“Building the metaverse lies at the intersection of two major technical undertakings: synchronizing the state of hundreds of millions of users around the world (along with the virtual objects they interact with), and tying those users and objects precisely to the physical world. The first exists today in the Niantic Lightship platform, which underpins Pokémon GO and all of our products and supports hundreds of millions of users around the world.

“It means that those millions of users can create, change, and interact with digital objects in the physical world and that experience is consistent and shared by everyone. In the world of software, we call that a ‘shared state” – we are all seeing the same thing, the same enhancements to the world. If you change something it’s reflected in what I see, and vice versa, for the millions of participants using the system.”

Niantic is also appears to be interested in creating AR smart glasses. The company states that it has partnered with Qualcomm to invest in a reference design for outdoor-capable AR glasses that can orient themselves using Niantic’s map and render information and virtual worlds on top of the physical world. Niantic seems to suggest that this partnership would allow many partners to create and distribute compatible glasses.

Niantic believes that the metaverse is a dystopian nightmare. That said, it hopes that many players will choose to experience the version of the metaverse the they are creating.


China Sues Tencent Over WeChat’s Youth Mode



Beijing prosecutors initiated a civil public-interest lawsuit against a Tencent subsidiary on Friday, saying the “youth mode” on the company’s popular social messaging app WeChat does not comply with laws protecting minors, Reuters reported.

The Verge explained that the lawsuit is against Tencent, a Chinese tech giant. The Verge also explained that when WeChat is used in youth mode, it restricts younger users’ access to functions like mobile payments, as well as certain games.

According to South China Morning Post Tencent has significantly cut down playing time for minors under 18 on its flagship game Honour of Kings in a bid to appease Beijing’s concerns about gaming addiction among young people in China.

More specifically, gamers under the age of 18 will have their playing time limited to one hour on regular days and two hours on public holidays. These minors were previously allowed to play Honour of Kings up to 1.5 hours on a regular day and three hours on holidays. Teenagers will also be prohibited from playing the game between 10pm and 8am, a move that goes beyond the central government’s mandatory limits for minors to engage in gaming.

In addition, minors under the age of 12 are banned from spending money to top up in the game. Gamers between 12 and 16 are only allowed to spend up to 200 yuan (US $31) per month, with a single charge capped at 50 yuan. Those between 16 and 18 are limited to 400 yuan per month, with a single charge capped at 100 yuan.

In my opinion, it sounds like the Beijing prosecutors may have intended these rules to place limitations on players who are under the age of 18 as a means of preventing harm to them. However, the limitations of play time and the amount of money those players can spend could significantly harm the revenue that Tencent previously made on this game.


E3 Expo 2021 Starts Today



E3 2021 LogoE3 2021 kicks off today (12 June) and continues for the next four days until Tuesday. Held this year online, there are over a dozen presentations from big names in the gaming industry including Nintendo, Ubisoft, Capcom, Square Enix, Take Two and Razer, plus interviews and panel sessions.

If you want to follow along, the show has a dedicated portal at https://e3expo.com/ for all the presentations and exhibitors. Alternatively, the show is broadcast on all the major media platforms:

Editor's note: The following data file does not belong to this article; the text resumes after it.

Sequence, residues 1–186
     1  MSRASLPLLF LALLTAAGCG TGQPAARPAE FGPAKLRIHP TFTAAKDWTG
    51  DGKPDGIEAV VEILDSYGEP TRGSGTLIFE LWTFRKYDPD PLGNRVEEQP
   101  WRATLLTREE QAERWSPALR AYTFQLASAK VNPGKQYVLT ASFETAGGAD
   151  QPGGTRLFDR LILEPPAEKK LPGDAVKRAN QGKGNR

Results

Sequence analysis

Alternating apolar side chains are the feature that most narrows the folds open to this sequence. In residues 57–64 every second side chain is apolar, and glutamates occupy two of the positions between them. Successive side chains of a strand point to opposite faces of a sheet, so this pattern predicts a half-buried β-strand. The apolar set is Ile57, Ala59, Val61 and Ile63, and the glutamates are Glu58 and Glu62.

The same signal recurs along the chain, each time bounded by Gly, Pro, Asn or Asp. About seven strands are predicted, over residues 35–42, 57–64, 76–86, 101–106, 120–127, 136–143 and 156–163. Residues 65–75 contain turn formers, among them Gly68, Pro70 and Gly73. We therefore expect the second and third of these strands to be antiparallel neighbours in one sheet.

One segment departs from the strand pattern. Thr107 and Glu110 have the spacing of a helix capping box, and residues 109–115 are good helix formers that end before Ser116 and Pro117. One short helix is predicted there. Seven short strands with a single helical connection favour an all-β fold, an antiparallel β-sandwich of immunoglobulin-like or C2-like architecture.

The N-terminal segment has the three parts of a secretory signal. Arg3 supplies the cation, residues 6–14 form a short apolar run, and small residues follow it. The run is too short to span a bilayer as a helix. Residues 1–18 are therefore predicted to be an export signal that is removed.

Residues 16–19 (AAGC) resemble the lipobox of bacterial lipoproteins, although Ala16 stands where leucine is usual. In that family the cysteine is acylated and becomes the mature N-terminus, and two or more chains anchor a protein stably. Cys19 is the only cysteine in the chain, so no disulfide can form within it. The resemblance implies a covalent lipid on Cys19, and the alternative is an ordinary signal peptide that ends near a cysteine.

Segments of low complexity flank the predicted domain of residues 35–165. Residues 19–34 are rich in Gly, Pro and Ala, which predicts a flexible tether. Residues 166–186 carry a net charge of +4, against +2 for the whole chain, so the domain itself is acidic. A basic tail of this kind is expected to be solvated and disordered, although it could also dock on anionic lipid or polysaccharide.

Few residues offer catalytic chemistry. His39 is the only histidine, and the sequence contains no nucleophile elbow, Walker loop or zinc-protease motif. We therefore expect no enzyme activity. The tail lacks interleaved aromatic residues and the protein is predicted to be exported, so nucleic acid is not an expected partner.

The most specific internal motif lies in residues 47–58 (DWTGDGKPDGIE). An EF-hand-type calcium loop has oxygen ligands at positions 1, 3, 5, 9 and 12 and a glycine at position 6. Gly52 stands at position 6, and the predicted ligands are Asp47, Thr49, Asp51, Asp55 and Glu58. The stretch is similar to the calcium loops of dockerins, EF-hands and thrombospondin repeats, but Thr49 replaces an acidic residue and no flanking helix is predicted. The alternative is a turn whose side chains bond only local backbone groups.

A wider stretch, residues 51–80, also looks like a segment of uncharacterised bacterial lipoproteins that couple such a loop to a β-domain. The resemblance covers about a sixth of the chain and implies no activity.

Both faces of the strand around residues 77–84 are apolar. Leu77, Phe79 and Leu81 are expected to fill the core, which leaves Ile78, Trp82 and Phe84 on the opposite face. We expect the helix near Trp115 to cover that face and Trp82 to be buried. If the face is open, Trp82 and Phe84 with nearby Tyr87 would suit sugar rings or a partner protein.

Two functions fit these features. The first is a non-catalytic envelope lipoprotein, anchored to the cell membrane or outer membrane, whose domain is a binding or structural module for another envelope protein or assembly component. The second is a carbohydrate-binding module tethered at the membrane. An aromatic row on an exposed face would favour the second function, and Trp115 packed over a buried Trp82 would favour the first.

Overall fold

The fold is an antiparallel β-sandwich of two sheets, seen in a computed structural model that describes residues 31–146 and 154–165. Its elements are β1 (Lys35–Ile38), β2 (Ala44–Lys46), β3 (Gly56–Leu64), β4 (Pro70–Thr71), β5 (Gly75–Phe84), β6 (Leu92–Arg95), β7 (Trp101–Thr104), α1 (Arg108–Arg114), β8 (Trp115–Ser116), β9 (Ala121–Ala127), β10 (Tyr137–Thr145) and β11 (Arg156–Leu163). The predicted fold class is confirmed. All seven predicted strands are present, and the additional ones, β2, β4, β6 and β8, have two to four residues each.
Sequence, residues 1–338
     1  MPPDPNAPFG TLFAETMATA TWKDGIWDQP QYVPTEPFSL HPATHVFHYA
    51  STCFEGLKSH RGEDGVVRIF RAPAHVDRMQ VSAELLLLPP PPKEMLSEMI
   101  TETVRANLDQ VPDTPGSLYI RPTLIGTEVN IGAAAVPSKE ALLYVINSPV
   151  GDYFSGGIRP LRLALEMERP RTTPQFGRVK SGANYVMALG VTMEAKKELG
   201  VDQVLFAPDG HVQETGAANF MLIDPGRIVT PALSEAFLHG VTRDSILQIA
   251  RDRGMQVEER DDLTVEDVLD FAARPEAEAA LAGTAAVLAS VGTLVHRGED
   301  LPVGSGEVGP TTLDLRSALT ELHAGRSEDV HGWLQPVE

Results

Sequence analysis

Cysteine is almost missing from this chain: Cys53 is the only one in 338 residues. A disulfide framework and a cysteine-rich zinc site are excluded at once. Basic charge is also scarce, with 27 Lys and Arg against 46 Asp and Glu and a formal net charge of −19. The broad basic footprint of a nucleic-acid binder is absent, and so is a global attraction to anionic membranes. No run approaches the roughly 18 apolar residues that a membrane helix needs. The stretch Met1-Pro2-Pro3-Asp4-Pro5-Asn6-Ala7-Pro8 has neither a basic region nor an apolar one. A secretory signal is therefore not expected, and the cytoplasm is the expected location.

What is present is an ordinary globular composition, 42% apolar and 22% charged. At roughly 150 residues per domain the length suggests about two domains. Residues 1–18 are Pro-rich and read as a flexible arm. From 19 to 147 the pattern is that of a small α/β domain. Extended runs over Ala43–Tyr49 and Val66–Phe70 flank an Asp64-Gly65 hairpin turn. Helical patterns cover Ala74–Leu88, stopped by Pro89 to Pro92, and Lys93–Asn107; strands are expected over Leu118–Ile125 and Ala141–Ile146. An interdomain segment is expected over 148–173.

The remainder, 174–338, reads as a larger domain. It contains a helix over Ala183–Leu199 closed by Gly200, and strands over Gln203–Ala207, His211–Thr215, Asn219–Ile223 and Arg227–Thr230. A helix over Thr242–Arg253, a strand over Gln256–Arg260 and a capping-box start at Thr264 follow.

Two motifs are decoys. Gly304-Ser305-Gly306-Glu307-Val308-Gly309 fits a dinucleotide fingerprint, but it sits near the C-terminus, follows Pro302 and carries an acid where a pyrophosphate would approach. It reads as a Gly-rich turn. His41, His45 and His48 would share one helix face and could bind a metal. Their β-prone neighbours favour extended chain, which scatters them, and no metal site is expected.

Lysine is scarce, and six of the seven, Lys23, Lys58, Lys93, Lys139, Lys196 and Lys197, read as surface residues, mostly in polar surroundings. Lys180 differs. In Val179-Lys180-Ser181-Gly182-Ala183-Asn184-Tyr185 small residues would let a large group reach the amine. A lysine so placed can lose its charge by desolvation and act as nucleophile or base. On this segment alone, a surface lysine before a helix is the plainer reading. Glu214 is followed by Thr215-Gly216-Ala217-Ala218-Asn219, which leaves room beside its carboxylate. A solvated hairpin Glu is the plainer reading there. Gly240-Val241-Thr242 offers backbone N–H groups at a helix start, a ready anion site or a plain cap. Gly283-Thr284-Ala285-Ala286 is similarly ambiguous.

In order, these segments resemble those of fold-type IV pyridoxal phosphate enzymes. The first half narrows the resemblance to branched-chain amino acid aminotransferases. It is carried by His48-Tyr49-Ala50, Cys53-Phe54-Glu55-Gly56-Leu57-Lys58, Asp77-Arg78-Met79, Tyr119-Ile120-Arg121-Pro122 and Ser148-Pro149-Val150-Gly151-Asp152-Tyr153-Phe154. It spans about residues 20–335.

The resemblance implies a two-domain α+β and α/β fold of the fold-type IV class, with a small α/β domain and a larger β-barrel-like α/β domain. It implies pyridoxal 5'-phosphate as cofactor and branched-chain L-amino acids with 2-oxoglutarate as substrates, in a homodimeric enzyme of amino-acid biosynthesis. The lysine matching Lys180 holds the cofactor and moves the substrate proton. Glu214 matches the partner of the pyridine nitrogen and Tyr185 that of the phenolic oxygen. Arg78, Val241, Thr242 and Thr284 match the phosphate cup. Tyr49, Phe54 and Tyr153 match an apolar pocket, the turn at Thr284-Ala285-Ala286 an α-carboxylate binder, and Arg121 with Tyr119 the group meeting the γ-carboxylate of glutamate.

Along with the show stream, E3 Expo is offered on a complementary app available from your preferred app store. There are exhibitor booths, people to follow, events and forums.

Here’s the schedule for the main events. Times are PDT which 8 hours behind BST so 10:00 PDT is 18:00 BST and 19:00 CEST.

All times are PDT

Saturday, 12 June 
10:00 Broadcast Pre-Show
11:00 Ubisoft Forward Pre-show
12:00 Ubisoft Forward
14:00 Gearbox E3 Showcase
14:45 GamesBeat Session

Sunday, 13 June
08:45 Broadcast Pre-Show
09:30 24 Entertainment’s NARAKA: BLADEPOINT
10:00 Xbox & Bethesda Games Showcase
12:15 SQUARE ENIX PRESENTS
14:00 Warner Bros. Games’ Back 4 Blood
14:30 PC Gaming Show
16:00 Future Games Show
Monday, 14 June
08:00 Broadcast Pre-Show
09:00 Verizon
09:45 Intellivision
10:15 Take-Two Interactive Panel
11:10 Mythical Games
12:00 Indie Showcase
12:30 Freedom Games
13:00 VENN’s Origin Stories with Hector Rodriguez
14:30 Capcom
14:00 Razer
Tuesday, 15 June
08:00 Broadcast Pre-Show
09:00 Nintendo’s Nintendo Direct and Nintendo Treehouse: Live
14:25 BANDAI NAMCO Entertainment Inc.
15:20 Yooreka Studio
15:35 GameSpot Play For All Showcase
16:45 Official E3 2021 Awards Show

Tune in for a preview of all that’s coming to gaming in the next year.


Get Your Game On With OnePlus and Google Stadia



OnePlus have partnered with Google’s Stadia and consequently their latest smartphones will come with a free Chromecast Ultra and a Stadia controller. Stadia is Google’s cloud-based gaming platform and offers instant gameplay without lengthy downloads.

OnePlus has a history of gaming promotions with PUBG and Fortnite taking advantage of fast smartphones and high refresh rates. I think the Bhangra Boogie Emote is still available…

At OnePlus, we are very close with our community of tech enthusiasts and a lot of them are avid gamers, so we know that mobile gamers are looking for a more immersive experience. That’s exactly what we are delivering with this unique bundle. By partnering with Google to offer Stadia Premiere Edition to our customers, we’re able to push the limits of gaming, making the best gaming experience even more accessible for the growing number of mobile gamers”, says Tuomas Lampen, Head of Strategy OnePlus Europe.

Outside of the promotion Stadia Premiere Edition costs GB£89.99, so it’s a good freebie. Google Stadia comes in two tiers, standard (aka Base) and Pro. The Pro tier has a free month trial and then costs GB£8.99 per month and offers an ever-increasing selection of games. If you don’t go Pro, individual games can be purchased as desired. There’s a extensive library of games with recognisable titles – Hitman, Tomb Raider, Hello Neighbor, Final Fantasy – but they do cost roughly the same as titles on other gaming platforms.

Stadia works across Google’s platforms – Android phones, Chromebooks, PC Chrome browser and on the TV via Chromecast. It’s a neat idea, especially if you aren’t wedded to an existing gaming ecosystem. To be fair, there have been some concerns about Google’s commitment to Stadia but as it’s a freebie, I’d take it and play.

The promotion is available to purchasers of OnePlus 9 Pro, 9, 8 Pro, 8T and Nord smartphones in UK, France and Germany from oneplus.com until 30th September.